“It (ForMotion) seems to be a nibble here, a nibble there, that kind of thing,” Fulthorpe said.
Inefficient capacity use
Fulthorpe is worried by VW’s inefficient use of capacity – the company is said to have at least 20 per cent more capacity than it needs – but is heartened by some VW moves to embrace more niches, like the Touran compact MPV version of the Golf, and the soon to be launched “High roof” version. An SUV Golf is expected in 2007 or 2008.
“This will be the key to fighting back BMW and Mercedes from above, the Koreans from below, and Toyota head on. VW is charging a premium now (versus Toyota) but for how much longer will that be valid? Not for much longer; Toyota won’t be seen as inferior to VW,” Fulthorpe told Just-Auto.
Look out; here comes the 1-Series
The new small BMW 1-series, set to be launched this autumn, is particularly dangerous for VW. Fulthorpe expects 1-series sales to eventually reach about 200,000 a year.
“Where will those sales come from? The natural competitors are higher end Golfs and the Audi A3. It would be a huge, huge, negative for VW if it continued to just build 3 and 5 door hatchbacks, but initiatives like the Touran will give it some breathing space,” Fulthorpe said.
VW’s attempt to move the VW brand upmarket with the Phaeton, an attempt to compete with the likes of the BMW 7-series and Mercedes S-class, has baffled and disappointed investors. VW was also rumoured to be planning a BMW 5-series competitor.
This blind-alley has cost VW a huge amount of money which is likely to be wasted.
How much did they lose in this upmarket foray? “I shudder to think, but it was a lot,” said Sanford C Bernstein’s Cheetham. CSM’s Fulthorpe agrees that the VW luxury plan was a big misstep.
Audi should chase upmarket
“It would seem more sensible to deploy Audi to go chasing BMW and Mercedes, not VW. The market for VW goes up to the Passat, but above that how much mileage is there? The W8 (bigger engined Passat) and Phaeton (sales) are well under target; but the Touareg has performed well ahead of expectations,” Fulthorpe said.
Some experts are impressed with VW’s strong product pipeline. “VW will have renewed nearly 60 per cent of its offering between Q4 2003 and Q2 2005. We believe many investors are now overlooking the positive impact these launches will have on demand, marketing costs and earnings,” said Lehman Brothers.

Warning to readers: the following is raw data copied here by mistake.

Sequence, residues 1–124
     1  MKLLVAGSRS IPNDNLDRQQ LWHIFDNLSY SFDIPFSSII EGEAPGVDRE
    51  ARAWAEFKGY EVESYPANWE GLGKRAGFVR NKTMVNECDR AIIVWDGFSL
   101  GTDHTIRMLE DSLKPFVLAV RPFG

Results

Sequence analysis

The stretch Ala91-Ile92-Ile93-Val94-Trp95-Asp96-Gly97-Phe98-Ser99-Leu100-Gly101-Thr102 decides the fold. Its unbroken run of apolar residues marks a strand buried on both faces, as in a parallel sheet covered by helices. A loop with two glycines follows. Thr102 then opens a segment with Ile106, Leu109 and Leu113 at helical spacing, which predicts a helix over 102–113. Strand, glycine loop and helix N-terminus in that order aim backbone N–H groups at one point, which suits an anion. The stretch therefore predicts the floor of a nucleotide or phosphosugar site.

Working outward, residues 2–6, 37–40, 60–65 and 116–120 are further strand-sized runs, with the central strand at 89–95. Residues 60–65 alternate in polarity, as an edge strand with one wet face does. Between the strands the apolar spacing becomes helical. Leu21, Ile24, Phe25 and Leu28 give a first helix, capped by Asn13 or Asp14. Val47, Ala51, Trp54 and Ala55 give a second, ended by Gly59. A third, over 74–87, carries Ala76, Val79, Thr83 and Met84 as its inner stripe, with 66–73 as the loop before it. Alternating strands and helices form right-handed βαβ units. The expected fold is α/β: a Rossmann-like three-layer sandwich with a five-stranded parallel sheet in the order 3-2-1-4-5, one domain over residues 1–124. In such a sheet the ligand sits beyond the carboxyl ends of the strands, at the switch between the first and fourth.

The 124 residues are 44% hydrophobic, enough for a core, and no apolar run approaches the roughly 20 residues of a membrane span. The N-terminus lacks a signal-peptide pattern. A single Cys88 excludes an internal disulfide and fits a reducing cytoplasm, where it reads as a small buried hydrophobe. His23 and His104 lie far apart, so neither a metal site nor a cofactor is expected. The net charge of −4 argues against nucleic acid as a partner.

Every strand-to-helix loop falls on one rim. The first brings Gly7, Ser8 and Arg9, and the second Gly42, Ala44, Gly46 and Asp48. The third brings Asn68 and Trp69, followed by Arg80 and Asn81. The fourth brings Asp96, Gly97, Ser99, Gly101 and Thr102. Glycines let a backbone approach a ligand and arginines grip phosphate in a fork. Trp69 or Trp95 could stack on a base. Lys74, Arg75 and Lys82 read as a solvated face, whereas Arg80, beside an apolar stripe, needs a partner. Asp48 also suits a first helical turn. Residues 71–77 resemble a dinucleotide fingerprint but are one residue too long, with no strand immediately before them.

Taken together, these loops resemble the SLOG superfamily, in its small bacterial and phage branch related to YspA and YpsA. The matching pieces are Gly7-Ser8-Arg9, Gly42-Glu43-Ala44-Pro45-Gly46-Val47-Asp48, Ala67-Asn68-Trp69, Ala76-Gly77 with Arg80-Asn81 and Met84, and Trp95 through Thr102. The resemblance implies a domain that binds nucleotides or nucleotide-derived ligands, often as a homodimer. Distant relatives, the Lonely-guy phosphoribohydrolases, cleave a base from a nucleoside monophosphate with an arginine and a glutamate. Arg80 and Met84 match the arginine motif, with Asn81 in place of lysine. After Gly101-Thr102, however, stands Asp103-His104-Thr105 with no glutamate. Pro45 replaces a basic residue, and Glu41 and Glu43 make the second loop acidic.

Not Goldman Sachs.
Goldman Sachs, in its report which called for a Lopez Mark II, said VW’s problems were 30 years in the making, with problems in every area except Audi. Structural overcapacity remained and the “ForMotion” plan failed to provide the obvious solution – restructuring and capacity cuts. The company’s long-standing strategy of using premium prices to protect an uncompetitive cost base was coming apart.
Goldman Sachs was making its comments after VW reported sharply lower first quarter earnings in April. Net profit tumbled to 26 million euros, from 202 million in the same period last year. VW had promised investors that its results would be “lousy” and it duly delivered.
Stunning earnings collapse
“The extent of collapsing earnings in almost every business was still stunning. This is not a simple cyclical blip. In our view VW is facing serious structural issues that are fundamental and potentially permanent,” Goldman Sachs said.
Some experts reckon that VW was deliberately understating its performance so that it could force change internally and look good later in the year.
“We believe management is currently keen to paint a bleak picture in order to mobilise the company internally rather than fighting what potentially may be a lost battle to reverse investors’ sentiment,” said Lehman Brothers.
Goldman Sachs doesn’t buy this.
“We see little evidence in the accounts to suggest that VW ‘sandbagged’ results in order to deliver better earnings in subsequent quarters. Management stated (to analysts after Q1 results) that results reflect the real situation. The real situation is rather grave in our view,” Goldman Sachs said.